23 listopad 2021 roku o godzinie 11.30, MSc Veronika Lubert wygłosi wykład: „Psychological Interventions for Performance Anxiety Management in Music, Dance, and Acting” dla pracowników i studentów Uniwersytetu Śląskiego.
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Veronika Lubert is a doctoral researcher and uni:docs fellow at the Institute of Occupational, Economic, and Social Psychology at the University of Vienna, Austria. In her research, she investigates psychological interventions to enhance performance under pressure in the performing arts. Aiming to transfer the knowledge from sport psychology into the fields of music, dance, and acting, she focuses on interventions that have previously been shown to be beneficial for athletes. Specifically, she is interested in methods to prevent choking under pressure, such as pre-performance routines or goal-setting, and their underlying mechanisms in regard to attentional focus, performance anxiety, and self-efficacy. Holding degrees in both psychology and violin performance, she also works as a performance coach and performs as a violinist with different orchestras in Vienna
Psychological Interventions for Performance Anxiety Management in Music, Dance, and Acting Veronika
Lubert1 and Peter Gröpel2
1 Department of Occupational, Economic, and Social Psychology, Faculty of Psychology, University of Vienna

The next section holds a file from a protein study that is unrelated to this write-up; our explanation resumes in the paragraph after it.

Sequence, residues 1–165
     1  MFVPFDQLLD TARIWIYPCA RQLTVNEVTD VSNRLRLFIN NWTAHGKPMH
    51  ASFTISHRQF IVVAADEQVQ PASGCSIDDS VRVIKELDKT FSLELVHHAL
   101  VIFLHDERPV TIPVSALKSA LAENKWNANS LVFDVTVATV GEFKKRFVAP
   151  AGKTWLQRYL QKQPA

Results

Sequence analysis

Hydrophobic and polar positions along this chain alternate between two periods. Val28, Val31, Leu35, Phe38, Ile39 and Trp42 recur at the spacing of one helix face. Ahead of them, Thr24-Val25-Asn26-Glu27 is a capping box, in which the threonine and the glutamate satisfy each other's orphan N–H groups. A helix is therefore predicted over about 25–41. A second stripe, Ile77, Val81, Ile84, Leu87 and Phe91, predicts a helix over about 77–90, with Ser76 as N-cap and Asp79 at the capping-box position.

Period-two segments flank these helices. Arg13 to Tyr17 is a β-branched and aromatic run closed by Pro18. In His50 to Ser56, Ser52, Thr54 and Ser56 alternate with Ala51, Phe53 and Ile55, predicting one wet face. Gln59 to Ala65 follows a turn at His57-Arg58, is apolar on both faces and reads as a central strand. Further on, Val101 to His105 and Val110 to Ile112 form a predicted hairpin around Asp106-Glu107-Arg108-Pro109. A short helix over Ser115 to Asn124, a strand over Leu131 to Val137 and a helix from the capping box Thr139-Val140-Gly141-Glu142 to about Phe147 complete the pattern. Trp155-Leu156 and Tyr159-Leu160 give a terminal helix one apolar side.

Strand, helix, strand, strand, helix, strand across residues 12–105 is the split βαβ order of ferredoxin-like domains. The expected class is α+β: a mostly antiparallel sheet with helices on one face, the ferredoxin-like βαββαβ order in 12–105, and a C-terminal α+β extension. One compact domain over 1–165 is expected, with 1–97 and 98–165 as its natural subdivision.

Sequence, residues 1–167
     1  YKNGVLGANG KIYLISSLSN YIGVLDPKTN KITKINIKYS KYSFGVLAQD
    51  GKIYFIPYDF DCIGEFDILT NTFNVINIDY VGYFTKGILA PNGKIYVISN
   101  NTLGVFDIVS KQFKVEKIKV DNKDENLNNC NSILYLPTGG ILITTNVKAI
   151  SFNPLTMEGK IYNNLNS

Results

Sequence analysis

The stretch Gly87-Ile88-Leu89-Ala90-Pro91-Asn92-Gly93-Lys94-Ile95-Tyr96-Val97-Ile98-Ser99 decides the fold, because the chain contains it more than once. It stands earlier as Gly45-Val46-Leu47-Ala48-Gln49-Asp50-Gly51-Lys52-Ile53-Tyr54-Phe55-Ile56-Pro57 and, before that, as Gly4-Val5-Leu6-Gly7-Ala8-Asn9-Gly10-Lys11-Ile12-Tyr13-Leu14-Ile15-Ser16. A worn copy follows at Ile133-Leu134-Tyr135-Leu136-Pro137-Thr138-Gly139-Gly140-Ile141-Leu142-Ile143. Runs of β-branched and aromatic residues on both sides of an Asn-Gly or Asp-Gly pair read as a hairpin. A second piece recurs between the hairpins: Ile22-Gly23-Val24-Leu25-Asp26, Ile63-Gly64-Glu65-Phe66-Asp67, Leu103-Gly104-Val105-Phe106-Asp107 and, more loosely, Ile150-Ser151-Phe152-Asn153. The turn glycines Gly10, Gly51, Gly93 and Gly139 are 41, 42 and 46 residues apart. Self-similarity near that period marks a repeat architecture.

2 Department of Sport Science, Center for Sport Science and University Sports, University of Vienna
Musicians, dancers, and actors often face extraordinary expectations of flawless technique and superior artistic expressiveness, which can result in performance anxiety that can also be detrimental for performance. Recent intervention research in the performing arts has mostly been directed towards the prevention of anxiety, but ad-hoc interventions from sport psychology also offer strategies to manage heightened anxiety in a given moment, for example before an audition. In my experimental research together with sport psychologist Peter Gröpel, we investigated sport-psychological interventions designed to facilitate optimal attentional control for performing under pressure: a pre-performance routine (PPR), the left-hand dynamic handgrip as a specific PPR element, and goal-setting. Having applied these interventions for several weeks, artists with high trait performance anxiety reported increased self-efficacy regarding their ability to perform compared to those with low performance anxiety. In our recent mixed-methods study, ten selected artists received tailored interventions for performance under pressure. After a 12-week intervention period, they exhibited lower physiological arousal during performance and reported less performance anxiety, as well as higher self-efficacy and the belief that having strategies on hand to manage their anxiety will help them in their future artistic career. Our findings indicate that performing arts education can benefit from including psychological instruction and the transfer and adaptation of methods from sport psychology into other performance areas seems promising.